You’ll hear more about social publishing from me in the future, but this is too fresh to hesitate showing you. Richard Eoin Nash, former publisher of Soft Skull press, has been trying to rally interest for a social publishing start-up called Cursor.
In this interview, he defines “social publishing”:
1) Define â€œsocial publishingâ€ in terms the average book reader would understand; no buzzwords, no â€œorganic gurgle of cultureâ€. What is it, and whatâ€™s in it for the reader?
For the reader-as-reader, what â€œsocialâ€ means is that thereâ€™s going to be more information about books, more scope to interact with the books (your own commenting & annotating and reading othersâ€™), more scope to interact with the author, more scope to interact with one another. (This latter item, to get semi-techy for a sec, is something that the broad horizontal book social networksâ€”Goodreads, LibraryThing, Shelfariâ€”do well, though, so weâ€™re likely to focus on using their APIs rather than asking people to build their own bookshelves anew.)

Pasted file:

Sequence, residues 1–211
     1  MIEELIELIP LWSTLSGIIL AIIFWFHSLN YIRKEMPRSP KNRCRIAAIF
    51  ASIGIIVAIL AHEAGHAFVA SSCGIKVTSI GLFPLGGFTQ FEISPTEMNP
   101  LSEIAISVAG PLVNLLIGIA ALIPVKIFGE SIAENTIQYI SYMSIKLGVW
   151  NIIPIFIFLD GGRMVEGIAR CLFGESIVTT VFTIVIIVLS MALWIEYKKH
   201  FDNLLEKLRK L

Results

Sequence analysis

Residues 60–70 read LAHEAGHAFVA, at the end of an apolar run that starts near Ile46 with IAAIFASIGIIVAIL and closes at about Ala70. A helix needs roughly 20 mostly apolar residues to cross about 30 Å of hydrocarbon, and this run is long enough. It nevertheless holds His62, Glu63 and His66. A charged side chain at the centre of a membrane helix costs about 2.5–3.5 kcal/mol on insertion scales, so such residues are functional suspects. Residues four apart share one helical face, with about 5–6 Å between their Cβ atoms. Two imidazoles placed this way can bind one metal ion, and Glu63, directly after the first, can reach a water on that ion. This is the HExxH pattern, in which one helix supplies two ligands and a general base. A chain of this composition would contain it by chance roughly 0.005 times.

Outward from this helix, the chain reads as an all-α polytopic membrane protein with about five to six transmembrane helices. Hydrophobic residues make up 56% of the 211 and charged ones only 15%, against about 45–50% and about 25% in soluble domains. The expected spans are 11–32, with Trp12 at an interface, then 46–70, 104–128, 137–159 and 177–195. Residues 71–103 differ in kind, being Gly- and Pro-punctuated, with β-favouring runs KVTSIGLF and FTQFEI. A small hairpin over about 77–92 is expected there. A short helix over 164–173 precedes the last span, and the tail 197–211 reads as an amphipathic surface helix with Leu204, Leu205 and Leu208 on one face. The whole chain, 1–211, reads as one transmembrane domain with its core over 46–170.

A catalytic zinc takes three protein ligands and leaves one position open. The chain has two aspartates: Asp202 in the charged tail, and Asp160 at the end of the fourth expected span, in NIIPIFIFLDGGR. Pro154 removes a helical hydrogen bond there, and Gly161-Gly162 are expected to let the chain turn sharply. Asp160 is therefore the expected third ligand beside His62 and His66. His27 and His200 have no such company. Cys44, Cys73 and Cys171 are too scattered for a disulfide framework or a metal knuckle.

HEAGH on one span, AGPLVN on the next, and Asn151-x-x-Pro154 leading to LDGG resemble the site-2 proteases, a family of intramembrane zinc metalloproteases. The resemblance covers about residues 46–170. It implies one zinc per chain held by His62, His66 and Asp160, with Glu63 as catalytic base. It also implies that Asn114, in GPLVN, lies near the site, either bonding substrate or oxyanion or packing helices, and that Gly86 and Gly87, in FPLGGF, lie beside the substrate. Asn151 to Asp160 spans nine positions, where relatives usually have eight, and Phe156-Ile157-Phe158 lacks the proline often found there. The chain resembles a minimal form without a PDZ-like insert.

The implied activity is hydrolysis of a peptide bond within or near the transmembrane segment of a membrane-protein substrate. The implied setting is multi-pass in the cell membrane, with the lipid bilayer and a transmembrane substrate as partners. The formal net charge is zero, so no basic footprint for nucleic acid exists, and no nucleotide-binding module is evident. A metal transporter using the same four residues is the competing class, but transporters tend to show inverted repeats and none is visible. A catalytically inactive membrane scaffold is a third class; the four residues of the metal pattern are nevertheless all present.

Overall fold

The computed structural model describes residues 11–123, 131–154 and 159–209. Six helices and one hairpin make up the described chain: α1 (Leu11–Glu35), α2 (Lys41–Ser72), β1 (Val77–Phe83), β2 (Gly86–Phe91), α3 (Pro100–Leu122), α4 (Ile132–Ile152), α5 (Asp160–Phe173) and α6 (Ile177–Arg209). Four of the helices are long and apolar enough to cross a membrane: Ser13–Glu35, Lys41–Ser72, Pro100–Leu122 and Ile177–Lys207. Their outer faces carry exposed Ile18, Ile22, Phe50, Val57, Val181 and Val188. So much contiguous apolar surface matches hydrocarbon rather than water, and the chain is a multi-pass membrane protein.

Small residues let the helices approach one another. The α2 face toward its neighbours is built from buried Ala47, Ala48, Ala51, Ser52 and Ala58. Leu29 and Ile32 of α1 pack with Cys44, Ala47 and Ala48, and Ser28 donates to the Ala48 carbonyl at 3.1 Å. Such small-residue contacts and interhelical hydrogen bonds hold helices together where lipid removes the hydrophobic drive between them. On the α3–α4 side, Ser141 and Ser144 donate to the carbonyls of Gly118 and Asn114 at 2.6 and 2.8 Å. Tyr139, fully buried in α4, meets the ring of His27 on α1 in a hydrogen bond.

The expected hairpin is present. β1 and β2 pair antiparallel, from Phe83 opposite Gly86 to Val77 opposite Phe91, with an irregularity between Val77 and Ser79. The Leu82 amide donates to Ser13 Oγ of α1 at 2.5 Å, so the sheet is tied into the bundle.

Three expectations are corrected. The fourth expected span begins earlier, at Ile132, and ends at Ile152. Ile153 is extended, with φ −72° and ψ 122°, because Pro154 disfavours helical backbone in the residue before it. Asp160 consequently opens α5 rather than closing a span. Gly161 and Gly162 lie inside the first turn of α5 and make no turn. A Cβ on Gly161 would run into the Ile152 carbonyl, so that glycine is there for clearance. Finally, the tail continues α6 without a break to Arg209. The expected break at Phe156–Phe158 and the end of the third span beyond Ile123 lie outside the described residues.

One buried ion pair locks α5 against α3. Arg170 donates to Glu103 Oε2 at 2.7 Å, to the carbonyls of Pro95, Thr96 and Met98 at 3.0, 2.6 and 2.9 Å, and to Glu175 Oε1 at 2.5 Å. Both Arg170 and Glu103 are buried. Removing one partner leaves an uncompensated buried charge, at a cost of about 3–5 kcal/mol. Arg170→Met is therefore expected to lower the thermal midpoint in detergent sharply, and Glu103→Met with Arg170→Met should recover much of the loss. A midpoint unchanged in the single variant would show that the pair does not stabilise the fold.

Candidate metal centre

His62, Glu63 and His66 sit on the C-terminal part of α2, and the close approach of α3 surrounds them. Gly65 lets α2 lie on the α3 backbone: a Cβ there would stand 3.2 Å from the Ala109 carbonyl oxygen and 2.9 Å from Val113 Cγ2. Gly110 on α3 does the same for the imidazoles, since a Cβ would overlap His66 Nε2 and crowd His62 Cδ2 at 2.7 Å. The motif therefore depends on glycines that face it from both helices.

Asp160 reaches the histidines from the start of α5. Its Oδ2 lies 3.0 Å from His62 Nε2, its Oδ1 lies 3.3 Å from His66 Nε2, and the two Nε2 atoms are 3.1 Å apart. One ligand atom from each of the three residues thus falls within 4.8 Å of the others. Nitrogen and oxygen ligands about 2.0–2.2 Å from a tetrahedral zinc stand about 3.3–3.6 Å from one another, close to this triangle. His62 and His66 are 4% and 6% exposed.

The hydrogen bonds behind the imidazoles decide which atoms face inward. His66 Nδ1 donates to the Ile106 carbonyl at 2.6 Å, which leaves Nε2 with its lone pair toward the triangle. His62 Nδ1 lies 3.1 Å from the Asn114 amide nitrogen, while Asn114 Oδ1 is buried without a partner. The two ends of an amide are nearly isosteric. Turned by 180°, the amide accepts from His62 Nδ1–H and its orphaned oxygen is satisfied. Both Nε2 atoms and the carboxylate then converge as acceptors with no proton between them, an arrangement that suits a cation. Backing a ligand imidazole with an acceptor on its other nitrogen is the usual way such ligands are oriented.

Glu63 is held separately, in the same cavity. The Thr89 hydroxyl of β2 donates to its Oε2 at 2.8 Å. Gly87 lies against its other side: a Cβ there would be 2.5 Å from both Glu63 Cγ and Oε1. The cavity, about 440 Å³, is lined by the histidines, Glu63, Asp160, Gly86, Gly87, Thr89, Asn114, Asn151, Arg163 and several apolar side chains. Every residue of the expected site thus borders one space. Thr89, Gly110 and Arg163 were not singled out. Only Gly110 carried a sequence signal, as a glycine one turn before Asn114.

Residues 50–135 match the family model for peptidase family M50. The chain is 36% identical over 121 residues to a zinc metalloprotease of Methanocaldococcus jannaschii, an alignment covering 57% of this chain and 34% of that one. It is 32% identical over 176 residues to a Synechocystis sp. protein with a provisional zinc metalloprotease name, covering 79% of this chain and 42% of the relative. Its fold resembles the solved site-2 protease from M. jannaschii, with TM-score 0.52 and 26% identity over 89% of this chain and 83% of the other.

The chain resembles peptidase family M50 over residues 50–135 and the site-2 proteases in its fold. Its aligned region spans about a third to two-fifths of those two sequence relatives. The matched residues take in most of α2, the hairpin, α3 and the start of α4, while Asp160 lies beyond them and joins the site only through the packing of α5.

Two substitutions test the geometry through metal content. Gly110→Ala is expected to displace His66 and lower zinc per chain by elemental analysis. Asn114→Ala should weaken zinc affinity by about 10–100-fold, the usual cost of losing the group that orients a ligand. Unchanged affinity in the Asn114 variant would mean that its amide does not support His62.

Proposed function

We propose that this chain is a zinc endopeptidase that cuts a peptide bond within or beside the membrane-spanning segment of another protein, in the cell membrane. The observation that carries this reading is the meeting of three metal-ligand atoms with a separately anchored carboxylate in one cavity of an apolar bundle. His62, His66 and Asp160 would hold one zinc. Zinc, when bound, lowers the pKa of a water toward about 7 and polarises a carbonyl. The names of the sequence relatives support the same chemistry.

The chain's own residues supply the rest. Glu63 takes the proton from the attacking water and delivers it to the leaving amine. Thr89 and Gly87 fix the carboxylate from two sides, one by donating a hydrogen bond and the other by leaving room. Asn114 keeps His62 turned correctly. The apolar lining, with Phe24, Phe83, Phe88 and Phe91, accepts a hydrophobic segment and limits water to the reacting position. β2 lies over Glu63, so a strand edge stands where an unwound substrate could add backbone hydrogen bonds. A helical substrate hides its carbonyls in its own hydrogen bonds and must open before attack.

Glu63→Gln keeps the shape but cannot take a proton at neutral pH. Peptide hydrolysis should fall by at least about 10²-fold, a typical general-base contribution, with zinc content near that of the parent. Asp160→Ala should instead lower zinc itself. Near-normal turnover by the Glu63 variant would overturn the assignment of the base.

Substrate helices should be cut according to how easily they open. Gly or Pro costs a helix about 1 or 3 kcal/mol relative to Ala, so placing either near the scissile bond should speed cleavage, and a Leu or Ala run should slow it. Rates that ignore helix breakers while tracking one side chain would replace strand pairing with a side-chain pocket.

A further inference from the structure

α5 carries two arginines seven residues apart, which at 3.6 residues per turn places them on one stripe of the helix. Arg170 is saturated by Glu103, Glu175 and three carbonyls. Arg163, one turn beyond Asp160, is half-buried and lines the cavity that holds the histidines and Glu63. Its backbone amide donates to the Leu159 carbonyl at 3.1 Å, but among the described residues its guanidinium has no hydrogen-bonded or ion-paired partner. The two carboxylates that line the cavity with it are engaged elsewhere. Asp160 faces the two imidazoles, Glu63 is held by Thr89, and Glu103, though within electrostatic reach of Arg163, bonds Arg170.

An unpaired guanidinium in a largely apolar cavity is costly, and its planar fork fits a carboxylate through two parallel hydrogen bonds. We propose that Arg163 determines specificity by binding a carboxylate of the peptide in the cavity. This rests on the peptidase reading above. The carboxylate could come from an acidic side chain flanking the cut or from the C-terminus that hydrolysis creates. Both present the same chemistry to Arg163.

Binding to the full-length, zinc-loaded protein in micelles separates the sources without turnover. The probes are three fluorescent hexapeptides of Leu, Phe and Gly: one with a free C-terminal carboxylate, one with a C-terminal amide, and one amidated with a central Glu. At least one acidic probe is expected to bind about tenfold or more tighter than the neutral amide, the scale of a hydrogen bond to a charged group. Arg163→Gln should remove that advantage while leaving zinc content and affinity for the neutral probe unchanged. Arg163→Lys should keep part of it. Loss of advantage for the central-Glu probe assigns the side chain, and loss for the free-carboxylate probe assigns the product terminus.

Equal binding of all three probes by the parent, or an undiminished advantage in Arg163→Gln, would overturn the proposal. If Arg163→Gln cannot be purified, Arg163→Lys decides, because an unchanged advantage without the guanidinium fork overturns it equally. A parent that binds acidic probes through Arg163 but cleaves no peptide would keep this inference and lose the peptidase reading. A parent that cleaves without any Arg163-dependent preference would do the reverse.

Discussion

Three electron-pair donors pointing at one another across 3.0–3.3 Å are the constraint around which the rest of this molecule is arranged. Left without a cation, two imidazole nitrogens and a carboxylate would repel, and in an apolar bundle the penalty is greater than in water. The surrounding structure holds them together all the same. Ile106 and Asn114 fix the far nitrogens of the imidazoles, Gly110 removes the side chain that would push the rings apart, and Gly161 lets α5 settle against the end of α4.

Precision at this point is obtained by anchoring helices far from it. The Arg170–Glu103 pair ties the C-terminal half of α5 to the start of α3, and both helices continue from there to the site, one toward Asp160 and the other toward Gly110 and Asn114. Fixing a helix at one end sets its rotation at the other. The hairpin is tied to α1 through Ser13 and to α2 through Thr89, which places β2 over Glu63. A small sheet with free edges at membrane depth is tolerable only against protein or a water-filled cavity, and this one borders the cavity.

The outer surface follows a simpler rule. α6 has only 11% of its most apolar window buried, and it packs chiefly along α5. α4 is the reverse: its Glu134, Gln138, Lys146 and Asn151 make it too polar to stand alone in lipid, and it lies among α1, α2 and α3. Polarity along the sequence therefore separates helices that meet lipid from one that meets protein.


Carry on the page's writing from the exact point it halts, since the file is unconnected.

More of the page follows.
â€œSocialâ€ is taking the book and making it much easier to have a conversation with the book and its writer, and have conversations around the book and its writer.
Again, more on this later.